Age diversity in teams: Examining the impact of the least agreeable member

Aleksandra Luksyte, Derek R. Avery, Sharon K. Parker, Ying Wang, Lars U. Johnson, Loring Crepeau

Research output: Contribution to journalArticlepeer-review

Abstract

Our research examined how team age diversity can be either detrimental or beneficial for team performance depending on team agreeableness minimum. In age diverse teams, a disagreeable teammate may trigger age-based stereotypes about his/her social group, thereby activating social categorization. This would result in decreased relational team functioning and worsened team performance. When the least agreeable member scores high on agreeableness, negative social categorization processes may not be triggered in age diverse teams. They may focus on informational diversity with beneficial effects for team relational processes and team performance. We tested our model in three samples (Study 1: k = 81, N = 254; Study 2: k = 109, N = 434; Study 3: k = 195, N = 1784) wherein performance was measured both objectively (Studies 1 and 2) and subjectively (Study 3). In both Studies 1 and 2, team age diversity was positively related to team performance when team agreeableness minimum was high. In Study 2, when the least agreeable person scored low on agreeableness, greater age diversity resulted in lower performance, and this relationship was mediated by higher interpersonal conflict. In Study 3, these interactive effects transpire via reduced team cohesion—another aspect of relational team functioning.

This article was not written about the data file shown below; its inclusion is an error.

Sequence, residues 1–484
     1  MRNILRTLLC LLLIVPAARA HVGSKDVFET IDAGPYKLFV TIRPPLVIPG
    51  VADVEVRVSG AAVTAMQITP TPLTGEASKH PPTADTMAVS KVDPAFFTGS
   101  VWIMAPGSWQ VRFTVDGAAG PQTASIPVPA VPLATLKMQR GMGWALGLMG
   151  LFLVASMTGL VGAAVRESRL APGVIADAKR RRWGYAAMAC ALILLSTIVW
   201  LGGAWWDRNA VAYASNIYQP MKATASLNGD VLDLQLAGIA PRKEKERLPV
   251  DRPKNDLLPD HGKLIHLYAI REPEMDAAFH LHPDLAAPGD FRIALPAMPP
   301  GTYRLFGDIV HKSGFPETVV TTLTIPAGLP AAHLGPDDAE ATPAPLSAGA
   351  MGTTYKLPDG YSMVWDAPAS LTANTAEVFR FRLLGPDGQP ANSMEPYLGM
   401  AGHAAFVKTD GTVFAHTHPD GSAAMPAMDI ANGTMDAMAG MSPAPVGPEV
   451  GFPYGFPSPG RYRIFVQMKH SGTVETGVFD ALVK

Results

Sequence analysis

Original languageEnglish
JournalJournal of Organizational Behavior
DOIs
Publication statusE-pub ahead of print - 2021

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